The words “dance activism” have been rolling around in my brain a lot lately and I’m toying with ways to take it out in the world to help promote dance as an integral part of our culture. Dance is a tool of expression, celebration and connection in so many other countries… why not ours? With obesity levels in the United States reaching an all-time high, it’s certainly clear that people need to move more often, in general.
Question:Which sounds more fun: an hour of salsa dancing or an hour on the treadmill?
No contest, right? But dance needs to be more accessible in order to reach more people. Take it out of the studio and off the stage… bring it to the streets….
like in Paris:
It’s already starting to happen with events like Beth Fein’s dance anywhere® , Bay Area National Dance Week and let’s not forget flash mob dancing.
In fact, dance anywhere®, the global dance party,is coming up on March 30thnoon Pacific Time, 3pm NYC, 9pm Europe. Visit the website for more information or to register your own event. Beth Fein created the event in 2005, after asking the question:
What if there was a public celebration of dance everywhere, around the world, simultaneously?
What if, in one moment, the whole world started dancing?
Plenty of people want to find out the answer… I happen to be one of them.
The 14th Annual Bay Area National Dance Week, the most extensive and best-attended dance festival in the nation, follows a few weeks later, beginning on April 20th with One Dance, a different take on flash mob dancing (learn the choreography here). Joyce Theater is also producing Le Grand Continental by Montréal-based choreographer Sylvain Émard at the South Street Seaport this summer in New York.
What would the world look like if more people were dancing? Let’s find out.
AXIS Dance Company is known for its powerful visual mixed metaphors: arms, legs, wheels, and laps are each as exploitable as the next to create physically integrated choreography that is an entirely new landscape for contemporary dance. Some recent snapshots: a wheelchair on its side, wheels spinning, with a dancer lying across it, a dancer rising up on his back wheels, spinning furiously, rearing like a bronco, and a duet, one dancer in a chair, the other on her feet. Four of the eight AXIS dancers are disabled, allowing a “potential for movement that is radically different from what another dance company would have,” says artistic director Judith Smith, who became disabled at age 17. Finding dance changed her life and gave her back a relationship with her body, self-esteem and self-confidence. “ I love doing things that are unusual and pushing the boundaries of what most people think is possible,” she says. “Dance is a way to give something back, to challenge people to always question assumptions and to keep their minds open to the endless possibilities and potentials inherent in us all.”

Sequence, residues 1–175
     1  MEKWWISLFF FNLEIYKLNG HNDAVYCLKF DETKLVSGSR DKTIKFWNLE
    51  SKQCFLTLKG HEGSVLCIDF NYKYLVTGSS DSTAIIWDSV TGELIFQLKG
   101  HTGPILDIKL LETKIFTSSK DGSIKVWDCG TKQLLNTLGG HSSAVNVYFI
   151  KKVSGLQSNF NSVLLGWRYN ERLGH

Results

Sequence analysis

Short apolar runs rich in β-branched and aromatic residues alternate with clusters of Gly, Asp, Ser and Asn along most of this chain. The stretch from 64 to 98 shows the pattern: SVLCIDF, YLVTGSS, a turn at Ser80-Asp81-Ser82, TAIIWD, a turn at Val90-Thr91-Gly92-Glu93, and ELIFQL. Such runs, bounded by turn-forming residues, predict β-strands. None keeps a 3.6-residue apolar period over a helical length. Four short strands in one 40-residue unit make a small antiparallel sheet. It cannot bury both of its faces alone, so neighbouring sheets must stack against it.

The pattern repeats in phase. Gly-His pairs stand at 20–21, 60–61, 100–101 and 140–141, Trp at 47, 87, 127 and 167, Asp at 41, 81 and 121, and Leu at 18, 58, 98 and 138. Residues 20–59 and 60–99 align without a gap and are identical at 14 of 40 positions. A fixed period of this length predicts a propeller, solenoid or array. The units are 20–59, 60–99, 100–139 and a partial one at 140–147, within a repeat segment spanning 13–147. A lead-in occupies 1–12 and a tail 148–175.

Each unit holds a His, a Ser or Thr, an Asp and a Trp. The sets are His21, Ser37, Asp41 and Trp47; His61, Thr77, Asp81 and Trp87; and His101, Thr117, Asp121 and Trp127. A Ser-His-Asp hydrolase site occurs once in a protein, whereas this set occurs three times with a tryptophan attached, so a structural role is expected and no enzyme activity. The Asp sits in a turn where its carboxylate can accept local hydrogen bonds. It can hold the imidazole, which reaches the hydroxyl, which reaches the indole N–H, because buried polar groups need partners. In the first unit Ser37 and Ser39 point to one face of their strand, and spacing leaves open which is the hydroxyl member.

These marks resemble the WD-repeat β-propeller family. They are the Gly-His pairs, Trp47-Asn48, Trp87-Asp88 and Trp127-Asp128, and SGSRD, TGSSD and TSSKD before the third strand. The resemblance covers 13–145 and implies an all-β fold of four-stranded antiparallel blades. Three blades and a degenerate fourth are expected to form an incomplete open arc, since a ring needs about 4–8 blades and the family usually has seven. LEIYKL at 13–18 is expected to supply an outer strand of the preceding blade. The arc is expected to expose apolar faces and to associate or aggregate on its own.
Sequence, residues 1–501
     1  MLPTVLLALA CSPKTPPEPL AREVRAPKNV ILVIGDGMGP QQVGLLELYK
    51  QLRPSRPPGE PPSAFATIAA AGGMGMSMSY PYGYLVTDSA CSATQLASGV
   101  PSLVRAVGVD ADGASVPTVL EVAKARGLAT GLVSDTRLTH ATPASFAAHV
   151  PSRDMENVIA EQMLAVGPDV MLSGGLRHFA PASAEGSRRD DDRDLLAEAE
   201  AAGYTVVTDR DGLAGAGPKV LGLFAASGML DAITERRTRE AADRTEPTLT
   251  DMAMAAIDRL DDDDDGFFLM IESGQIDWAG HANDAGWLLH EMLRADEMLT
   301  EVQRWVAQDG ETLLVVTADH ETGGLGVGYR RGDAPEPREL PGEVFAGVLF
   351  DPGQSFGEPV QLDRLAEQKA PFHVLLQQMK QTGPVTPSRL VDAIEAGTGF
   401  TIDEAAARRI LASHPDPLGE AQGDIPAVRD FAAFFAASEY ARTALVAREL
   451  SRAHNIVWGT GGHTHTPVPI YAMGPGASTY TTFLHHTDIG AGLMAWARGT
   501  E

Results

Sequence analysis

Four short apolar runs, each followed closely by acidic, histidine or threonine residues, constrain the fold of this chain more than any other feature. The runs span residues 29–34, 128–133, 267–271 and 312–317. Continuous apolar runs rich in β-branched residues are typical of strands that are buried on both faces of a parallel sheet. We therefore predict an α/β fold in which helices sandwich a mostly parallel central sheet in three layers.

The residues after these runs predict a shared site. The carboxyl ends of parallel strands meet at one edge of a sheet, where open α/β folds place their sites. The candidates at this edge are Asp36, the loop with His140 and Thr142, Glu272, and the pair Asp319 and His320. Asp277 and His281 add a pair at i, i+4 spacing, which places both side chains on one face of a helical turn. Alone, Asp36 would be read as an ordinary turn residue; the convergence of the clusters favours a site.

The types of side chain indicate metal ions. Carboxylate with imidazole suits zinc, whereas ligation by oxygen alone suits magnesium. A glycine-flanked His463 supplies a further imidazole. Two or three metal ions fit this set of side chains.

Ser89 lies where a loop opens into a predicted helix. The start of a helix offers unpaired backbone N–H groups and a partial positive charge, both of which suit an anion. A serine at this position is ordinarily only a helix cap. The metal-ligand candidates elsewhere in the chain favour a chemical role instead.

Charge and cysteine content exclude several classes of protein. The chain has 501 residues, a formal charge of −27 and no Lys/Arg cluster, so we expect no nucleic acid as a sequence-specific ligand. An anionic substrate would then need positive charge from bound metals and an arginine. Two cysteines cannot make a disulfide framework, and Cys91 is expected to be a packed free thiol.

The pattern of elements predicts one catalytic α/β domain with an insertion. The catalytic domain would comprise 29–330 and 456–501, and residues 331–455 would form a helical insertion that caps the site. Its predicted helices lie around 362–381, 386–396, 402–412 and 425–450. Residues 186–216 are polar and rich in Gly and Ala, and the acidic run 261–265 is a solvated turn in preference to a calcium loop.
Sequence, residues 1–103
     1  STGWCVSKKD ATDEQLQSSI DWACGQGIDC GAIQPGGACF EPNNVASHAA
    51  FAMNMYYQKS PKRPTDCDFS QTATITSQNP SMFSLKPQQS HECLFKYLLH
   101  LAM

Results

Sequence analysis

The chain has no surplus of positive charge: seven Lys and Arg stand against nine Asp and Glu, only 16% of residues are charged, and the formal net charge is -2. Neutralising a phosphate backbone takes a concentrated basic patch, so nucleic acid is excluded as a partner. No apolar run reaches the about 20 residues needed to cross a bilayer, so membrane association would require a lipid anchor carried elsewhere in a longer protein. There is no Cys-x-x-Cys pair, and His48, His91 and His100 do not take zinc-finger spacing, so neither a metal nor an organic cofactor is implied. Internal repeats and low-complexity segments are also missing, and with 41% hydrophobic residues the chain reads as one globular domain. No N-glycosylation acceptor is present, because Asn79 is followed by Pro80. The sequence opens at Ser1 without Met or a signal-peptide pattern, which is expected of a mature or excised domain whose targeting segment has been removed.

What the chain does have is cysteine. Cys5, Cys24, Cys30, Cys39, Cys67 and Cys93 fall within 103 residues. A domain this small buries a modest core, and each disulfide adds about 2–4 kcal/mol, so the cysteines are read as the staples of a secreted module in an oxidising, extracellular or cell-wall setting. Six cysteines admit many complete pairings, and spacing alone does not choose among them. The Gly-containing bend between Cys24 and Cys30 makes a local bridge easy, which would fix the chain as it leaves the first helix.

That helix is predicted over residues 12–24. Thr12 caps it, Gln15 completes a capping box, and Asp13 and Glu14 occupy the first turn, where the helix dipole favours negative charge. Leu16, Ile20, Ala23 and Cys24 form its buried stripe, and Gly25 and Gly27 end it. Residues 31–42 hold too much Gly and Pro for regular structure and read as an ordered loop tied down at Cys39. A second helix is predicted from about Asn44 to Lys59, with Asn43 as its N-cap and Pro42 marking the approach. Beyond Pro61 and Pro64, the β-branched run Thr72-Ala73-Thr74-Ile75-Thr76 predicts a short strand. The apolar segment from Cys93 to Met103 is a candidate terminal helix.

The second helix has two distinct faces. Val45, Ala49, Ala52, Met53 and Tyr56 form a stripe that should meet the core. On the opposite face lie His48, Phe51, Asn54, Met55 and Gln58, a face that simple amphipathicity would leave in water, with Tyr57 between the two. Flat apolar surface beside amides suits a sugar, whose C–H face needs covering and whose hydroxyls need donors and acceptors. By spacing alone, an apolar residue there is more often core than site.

The company’s 2011 home season further upped the ante as they presented Full of Words, by internationally acclaimed choreographer Mark Brew, marking the first time AXIS has worked with a European choreographer. Brew is both a sought-after choreographer and disabled himself, the sole survivor of a car accident caused by a drunk driver. He has worked as a dancer and choreographer in the UK and internationally for more than 17 years with companies such as Australian Ballet Company, South Africa’s PACT Ballet, and Scottish Dance Theater.
Full of Words is a series of 3 duets between 3 couples of dancers in everyday situations, each beginning with a dialogue based on the game ‘you say a word, I say a word and together we make a sentence’. While the opening lines are spoken, the remainder of the dialogues is expressed through movements- lines and extensions, intricate folding, placement and re-placement, to create romantic conversations. Says Brew, “This work can be thought of as a series of physical conversations, encounters and interventions that reflect what it is to be human.”
AXIS Dance Company on “So You Think You Can Dance”:
This past Friday Diablo Ballet presented the opportunity to partake in an experiment that would propel ballet into the Brave New World… by tweeting live during a performance. I’m a big fan of Twitter; composing interesting ideas in 140 characters (or less) is a fun creative challenge. I couldn’t pass up the opportunity to be a part of combining dance and technology in a new way…. And it gave me a chance to see a wonderful local ballet company for the first time.
The program included excerpts from the following 4 ballets:
1. West Coast Premiere Pas de Deux from Mercurial Manoeuvres, by Christopher Wheeldon, set to Dimitry Shostakovich’s Piano Concerto No. 1 in C minor.
2. World Premiere of Back in the Day, featuring the music of Frank Sinatra by Diablo Ballet’s David Fonnegra.
3. A Path Of Delight Or… by Tina Kay Bohnstedt, set to Mozart’s Piano Concerto No.23 in A major.
4. The Escaping Game, by KT Nelson, set to music by Zap Mama.
The show was given at Shadelands auditorium, an intimate setting that seated about 200 people.